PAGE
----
Too slow mass vaccination will cost the global economy a pretty penny. Analysts at The Economist have a weighty argument for those who still doubt the benign effect of the joint efforts against coronavirus.
According to research by The Economist Intelligence Unit (EIU), the countries who will fail to vaccinate 60% of their population by mid-2022 are running a grave risk of losing the lion’s share of their gross domestic product from 2022 until 2025 which is estimated at $2.3 trillion. Emerging markets will account for nearly two thirds of this amount. Such heavy losses will affect severely the pace of their post-pandemic economic recovery. Experts warn that African countries will bear the brunt of it. They should be braced to lose 3% of their national output between 2022 and 2025 compared to the scenario if they speed up vaccination rates. However, in absolute terms, Asian countries will have to pay a terrible price for low vaccination rates. Experts reckon that the Asian region will miss out on $1.7 trillion-worth of GDP in the same period.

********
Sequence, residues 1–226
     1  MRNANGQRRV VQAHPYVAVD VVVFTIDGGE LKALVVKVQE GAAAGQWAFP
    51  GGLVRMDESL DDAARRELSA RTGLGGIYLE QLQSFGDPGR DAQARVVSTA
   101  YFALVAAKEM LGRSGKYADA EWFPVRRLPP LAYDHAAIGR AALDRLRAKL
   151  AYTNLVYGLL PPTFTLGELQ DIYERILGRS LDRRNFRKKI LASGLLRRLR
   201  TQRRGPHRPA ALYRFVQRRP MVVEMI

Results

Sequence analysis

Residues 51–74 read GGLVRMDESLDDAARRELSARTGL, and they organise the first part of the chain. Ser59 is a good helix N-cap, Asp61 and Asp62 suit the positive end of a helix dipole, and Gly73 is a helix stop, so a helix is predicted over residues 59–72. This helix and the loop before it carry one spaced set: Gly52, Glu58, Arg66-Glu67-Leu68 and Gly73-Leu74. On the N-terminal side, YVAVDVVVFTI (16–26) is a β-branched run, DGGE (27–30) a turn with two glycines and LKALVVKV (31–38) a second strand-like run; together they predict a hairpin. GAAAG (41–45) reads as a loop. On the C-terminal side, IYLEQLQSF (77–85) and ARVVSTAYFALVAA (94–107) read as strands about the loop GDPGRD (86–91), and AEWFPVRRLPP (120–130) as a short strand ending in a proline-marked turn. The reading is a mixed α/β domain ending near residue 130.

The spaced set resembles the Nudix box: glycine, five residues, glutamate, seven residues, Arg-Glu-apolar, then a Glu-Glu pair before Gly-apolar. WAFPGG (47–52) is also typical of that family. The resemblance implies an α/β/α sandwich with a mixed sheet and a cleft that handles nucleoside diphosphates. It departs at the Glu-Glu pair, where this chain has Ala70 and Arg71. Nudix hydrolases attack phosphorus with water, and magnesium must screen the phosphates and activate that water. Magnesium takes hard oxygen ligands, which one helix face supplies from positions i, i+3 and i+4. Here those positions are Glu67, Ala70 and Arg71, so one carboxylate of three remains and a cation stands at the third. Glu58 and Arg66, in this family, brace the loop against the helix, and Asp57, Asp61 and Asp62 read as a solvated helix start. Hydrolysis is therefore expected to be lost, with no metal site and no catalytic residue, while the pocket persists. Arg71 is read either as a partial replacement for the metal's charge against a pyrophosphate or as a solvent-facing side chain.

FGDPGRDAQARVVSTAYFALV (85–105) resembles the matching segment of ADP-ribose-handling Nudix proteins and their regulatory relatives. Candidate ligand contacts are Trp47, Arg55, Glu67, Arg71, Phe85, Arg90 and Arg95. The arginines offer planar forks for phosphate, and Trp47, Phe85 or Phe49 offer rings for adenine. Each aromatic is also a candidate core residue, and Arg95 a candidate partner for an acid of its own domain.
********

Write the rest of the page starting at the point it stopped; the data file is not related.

Besides, the experts underscore inequality in the vaccine distribution. As of late August, higher-income countries provided 60% of the population with at least 1 dose of a vaccine. In contrast, only 1% was vaccinated with at least 1 jab in low-income countries. A major obstacle to successful mass vaccination is the new Delta variant. Because of this, available vaccines have not proven themselves as efficient as the authorities were hoping for. The analysts at the EIU made a conclusion that policymakers have to revise the strategy to curb the coronavirus spread and adapt it to the long-term prospects.